The evidence for the prosecution consisted of documentary evidence and the testimony of five witnesses: Januaria Corpus, Dr. Juan Pedro Blanco, Melchor Quevedo, Wilfredo Oaman and Jesus Menor. These related in substance the following facts and circumstances: In the night of June 23, 1948 Corporal Bartolo Saladino and Private Anastacia Alejo of the Philippine Constabulary were resting in the house of Celso Abucay in Paoay, Ilocos Norte, together with policemen Melchor Quevedo, Wilfredo Osman and George Plan of that municipality. They had gone on patrol duty to the barrio for the purpose of apprehending those who on a previous night had fired upon the dwelling. About midnight they were suddenly awakened by cries for help. They went down and were approached by one Felix Pasion who reported he had been robbed, one of the robbers being Luis Bernabe. The next morning, Saladino and Alejo, accompanied by the policemen proceeded to the house of Luis Bernabe in Barrio Samac of San Nicolas same province. Having found the suspect, they brought him, for questioning, to the residence of Felix Pasion in Barrio Singao same municipality. It was about ten in the morning. As Pasion reiterated his imputation, Saladino led Bernabe up the house for further investigation. He was followed by Anastacio Alejo and the policemen. Bernabe denied the charge. To extract a confession, Saladino repeatedly boxed and kicked him in different parts of the body. Bernabe continued denying his guilt. Saladino got a piece of wood, two inched thick and one yard long, and clubbed him several times on the chest, abdomen and the back. Then he called on Alejo to take his turn. Alejo reluctantly whipped Bernabe four times with the branch of a tree, and then retired to the kitchen. Saladino again questioned his prisoner and as the latter would not admit his culpability, he repeated the severe beating, and tying Bernabe’s wrists together with a rubber strap, made him stand on a chair, tied the strap to a beam in the ceiling and then pushed the chair from under Bernabe with the result that the latter was left hanging in the air. While in that position Bernabe was cudgeled by Saladino, with the wooden club, on the sides, armpits, stomach, hips and back. It was at this juncture that policeman Plan interceded for the victim saying, Stop now corporal. Better bring him to your headquarters and there you will investigate him”. But Saladino ignored plea, and resumed the maltreatment, loudly predicting that Bernabe would confess before noon. After Bernabe had remained suspended for five minutes, Saladino untied him, made him sit on a chair and urged him to acknowledge his offense. As Bernabe persisted in his refusal, Saladino kicked the chair and Bernabe fell on the floor, even as Saladino pouncing on his captive booted him several times until the latter lay motionless on the floor. “It seems he is dead,” Policeman Oaman exclaimed. Saladino replied “No, he is only feigning death” and presently stepped on Bernabe’s throat and chest. Then Saladino let him alone for fifteen minutes, during which time Bernabe did not stir nor breathe. An old man approaching Bernabe and taking his pulse said that the man was dead. Suddenly realizing his predicament, Saladino ordered two civilians to carry Bernabe down and told Alejo: “shoot him now and we will say that he ran away”. Complying with the corporal’s order Alejo shot Bernabe four times with his carbine, after the latter had been laid down flat on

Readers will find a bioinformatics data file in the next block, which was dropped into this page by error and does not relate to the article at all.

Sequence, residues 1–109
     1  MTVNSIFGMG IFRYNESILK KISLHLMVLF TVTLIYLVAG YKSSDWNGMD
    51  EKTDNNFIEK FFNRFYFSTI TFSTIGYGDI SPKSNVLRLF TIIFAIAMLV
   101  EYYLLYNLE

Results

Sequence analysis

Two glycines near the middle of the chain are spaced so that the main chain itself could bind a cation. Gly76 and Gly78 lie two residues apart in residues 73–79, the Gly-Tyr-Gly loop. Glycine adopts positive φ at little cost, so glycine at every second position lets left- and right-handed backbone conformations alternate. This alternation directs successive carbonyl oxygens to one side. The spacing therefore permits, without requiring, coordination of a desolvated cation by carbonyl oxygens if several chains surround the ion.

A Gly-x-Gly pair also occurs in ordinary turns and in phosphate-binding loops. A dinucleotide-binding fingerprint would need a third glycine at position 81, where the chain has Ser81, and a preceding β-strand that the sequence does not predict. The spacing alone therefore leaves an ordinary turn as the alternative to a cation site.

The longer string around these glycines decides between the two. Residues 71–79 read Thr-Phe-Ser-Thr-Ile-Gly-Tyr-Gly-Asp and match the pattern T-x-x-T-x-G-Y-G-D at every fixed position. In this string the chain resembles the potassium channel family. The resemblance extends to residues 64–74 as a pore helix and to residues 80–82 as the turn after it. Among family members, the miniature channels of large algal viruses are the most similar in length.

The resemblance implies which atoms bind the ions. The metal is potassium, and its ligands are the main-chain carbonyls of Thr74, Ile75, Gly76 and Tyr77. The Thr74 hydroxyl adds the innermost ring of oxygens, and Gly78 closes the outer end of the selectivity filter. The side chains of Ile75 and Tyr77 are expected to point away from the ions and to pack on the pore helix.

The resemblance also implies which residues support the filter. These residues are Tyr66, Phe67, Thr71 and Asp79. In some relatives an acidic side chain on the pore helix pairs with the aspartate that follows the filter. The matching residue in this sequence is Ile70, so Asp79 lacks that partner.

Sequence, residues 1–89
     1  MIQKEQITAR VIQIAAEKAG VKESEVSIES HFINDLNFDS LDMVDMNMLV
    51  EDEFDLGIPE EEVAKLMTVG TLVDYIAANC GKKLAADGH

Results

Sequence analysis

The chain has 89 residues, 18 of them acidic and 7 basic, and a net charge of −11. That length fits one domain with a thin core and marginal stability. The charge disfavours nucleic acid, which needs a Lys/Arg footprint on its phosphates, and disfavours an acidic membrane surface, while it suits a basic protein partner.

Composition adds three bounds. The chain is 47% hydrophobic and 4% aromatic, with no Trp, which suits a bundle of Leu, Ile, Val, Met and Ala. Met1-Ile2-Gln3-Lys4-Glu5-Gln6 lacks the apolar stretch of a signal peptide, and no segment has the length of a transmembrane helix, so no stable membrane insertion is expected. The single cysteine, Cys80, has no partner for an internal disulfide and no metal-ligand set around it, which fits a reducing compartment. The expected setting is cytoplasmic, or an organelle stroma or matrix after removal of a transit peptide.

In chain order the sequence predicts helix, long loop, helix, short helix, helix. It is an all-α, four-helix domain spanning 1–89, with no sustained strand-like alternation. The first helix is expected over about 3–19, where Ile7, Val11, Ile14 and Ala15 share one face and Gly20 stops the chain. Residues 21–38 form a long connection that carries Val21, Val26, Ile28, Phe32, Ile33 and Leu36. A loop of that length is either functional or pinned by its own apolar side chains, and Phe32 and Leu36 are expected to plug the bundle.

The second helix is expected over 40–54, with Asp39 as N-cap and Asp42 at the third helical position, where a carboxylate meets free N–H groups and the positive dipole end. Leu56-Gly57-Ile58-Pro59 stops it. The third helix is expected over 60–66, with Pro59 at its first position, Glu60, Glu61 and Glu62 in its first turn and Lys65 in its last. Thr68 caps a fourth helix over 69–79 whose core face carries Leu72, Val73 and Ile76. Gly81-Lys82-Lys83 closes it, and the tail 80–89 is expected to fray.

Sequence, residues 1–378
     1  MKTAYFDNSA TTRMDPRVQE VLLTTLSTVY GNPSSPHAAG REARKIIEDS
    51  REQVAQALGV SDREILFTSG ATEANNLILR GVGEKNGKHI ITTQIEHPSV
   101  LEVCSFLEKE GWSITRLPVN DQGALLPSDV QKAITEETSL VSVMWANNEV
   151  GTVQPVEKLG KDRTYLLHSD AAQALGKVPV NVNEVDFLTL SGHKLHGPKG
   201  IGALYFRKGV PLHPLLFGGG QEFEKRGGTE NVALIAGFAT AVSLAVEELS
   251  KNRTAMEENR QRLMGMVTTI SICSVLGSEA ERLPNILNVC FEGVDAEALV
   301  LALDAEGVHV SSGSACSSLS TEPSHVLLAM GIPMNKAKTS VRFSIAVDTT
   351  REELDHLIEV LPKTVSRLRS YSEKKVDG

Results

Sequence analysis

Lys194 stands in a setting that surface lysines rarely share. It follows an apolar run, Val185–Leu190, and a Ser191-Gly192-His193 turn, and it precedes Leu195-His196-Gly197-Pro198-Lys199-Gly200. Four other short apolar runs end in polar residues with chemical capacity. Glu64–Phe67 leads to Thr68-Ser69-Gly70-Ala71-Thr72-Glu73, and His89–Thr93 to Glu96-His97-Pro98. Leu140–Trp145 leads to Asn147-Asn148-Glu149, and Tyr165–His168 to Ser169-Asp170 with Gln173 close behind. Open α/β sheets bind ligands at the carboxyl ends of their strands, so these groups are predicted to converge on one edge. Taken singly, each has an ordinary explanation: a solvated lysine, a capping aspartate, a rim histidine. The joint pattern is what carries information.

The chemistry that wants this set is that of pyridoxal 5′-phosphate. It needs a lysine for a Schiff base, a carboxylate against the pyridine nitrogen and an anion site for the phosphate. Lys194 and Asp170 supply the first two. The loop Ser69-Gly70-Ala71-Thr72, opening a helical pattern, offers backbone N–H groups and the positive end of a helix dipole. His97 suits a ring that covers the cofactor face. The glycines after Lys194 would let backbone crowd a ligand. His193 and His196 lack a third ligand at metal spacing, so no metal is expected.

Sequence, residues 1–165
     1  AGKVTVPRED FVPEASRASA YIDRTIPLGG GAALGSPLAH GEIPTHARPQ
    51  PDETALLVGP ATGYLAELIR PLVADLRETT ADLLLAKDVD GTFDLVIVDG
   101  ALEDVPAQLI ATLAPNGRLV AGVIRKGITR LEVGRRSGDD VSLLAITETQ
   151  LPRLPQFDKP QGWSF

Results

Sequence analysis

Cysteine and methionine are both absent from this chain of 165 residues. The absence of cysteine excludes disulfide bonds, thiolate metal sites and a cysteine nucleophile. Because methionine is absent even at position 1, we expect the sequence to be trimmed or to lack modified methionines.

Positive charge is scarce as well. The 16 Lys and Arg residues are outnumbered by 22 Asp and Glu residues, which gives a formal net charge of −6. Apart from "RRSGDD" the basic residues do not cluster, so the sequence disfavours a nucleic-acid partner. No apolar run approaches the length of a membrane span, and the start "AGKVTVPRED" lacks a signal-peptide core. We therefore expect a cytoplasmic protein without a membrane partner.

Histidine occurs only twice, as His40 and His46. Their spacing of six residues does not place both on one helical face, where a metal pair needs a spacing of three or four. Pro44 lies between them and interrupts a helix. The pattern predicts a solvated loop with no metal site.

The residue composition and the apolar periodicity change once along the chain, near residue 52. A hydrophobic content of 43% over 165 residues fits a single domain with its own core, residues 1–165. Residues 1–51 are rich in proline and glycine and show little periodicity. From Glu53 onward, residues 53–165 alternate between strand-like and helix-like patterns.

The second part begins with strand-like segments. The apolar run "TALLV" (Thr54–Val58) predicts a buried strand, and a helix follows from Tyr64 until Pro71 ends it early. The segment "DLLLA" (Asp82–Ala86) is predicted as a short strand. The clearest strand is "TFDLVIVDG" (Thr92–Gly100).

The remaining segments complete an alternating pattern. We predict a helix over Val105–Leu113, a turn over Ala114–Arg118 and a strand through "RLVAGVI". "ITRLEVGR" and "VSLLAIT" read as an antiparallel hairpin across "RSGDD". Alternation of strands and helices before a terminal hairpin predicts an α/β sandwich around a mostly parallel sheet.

his stomach about thirty meters away from the house. Three days afterwards Bernabe was intered. Saladino lost no time preparing his defense. On that same day, June 24, he swore before the assistant fiscal an affidavit stating that, while he was conversing with Pasion inside the house, Luis Bernabe was downstairs under the vigilance of Anastacio Alejo; that four shots were suddenly heard; and that Alejo, it turned out, had fired at Bernabe because the latter had attempted to escape. We also wrote a joint affidavit of the three policemen corroborating his own version of the affair. He requested the said officers to sign, and they had not the courage to decline. However a few days afterwards the fiscal quizzed Quevedo, and this man gave a different story: one that subsequently accorded with the account given by the People’s witnesses during the trial. On the witness stand, Bartolo Saladino stuck to his version, which was corroborated by Felix Pasion, the man who having charged Luis Bernabe, was indirectly the cause of the outrage, and who was understandably interested in Saladino’s exoneration. However it was rejected by the trial judge, correctly we believe, because it was contradicted (1) by the three policemen who had no reason to falsify (2) by the nature and direction of the wounds described by the doctor who saw them, wounds which could not have been inflicted while Bernabe was running away and (3) by the discovery of one of the bullets embedded in the ground underneath the corpse of Luis Bernabe. There is no doubt in our minds that this man is guilty of having cruelly tortured and treacherously caused the death of Luis Bernabe. On the other hand Anastacio Alejo admitted having whipped and shot Luis Bernabe upon orders of Saladino, who allegedly backed his command to shoot by pointing his pistol at Alejo. His attorneys also insist that Luis Bernabe was already dead when Alejo fired at the corpse. Of course obedience to the order of a superior official is not an excuse where the order was not for a lawful purpose. (People v. Bañaga 54 Phil. 247; People v. Moreno 43 Of. Gaz. 4644) Like the trial judge, we do not believe Alejo fired the shots at the point of Saladino’s gun. We believe the shooting occurred in the manner described by the prosecution witnesses. Yet the matter of Bernabe’s moment of death is of grave doubt. Two eye-witnesses who declared for the prosecution, namely, policemen Quevedo and Oaman repeatedly stated on the witness stand that after the maltreatment, and before Bernabe was carried downstairs to be shot, he had already expired. Policeman Jorge Plan, another eye-witness confirming Alejo’s testimony declared that when Bernabe lay flat on the floor and did not stir, an old man felt his pulse and pronounced him dead.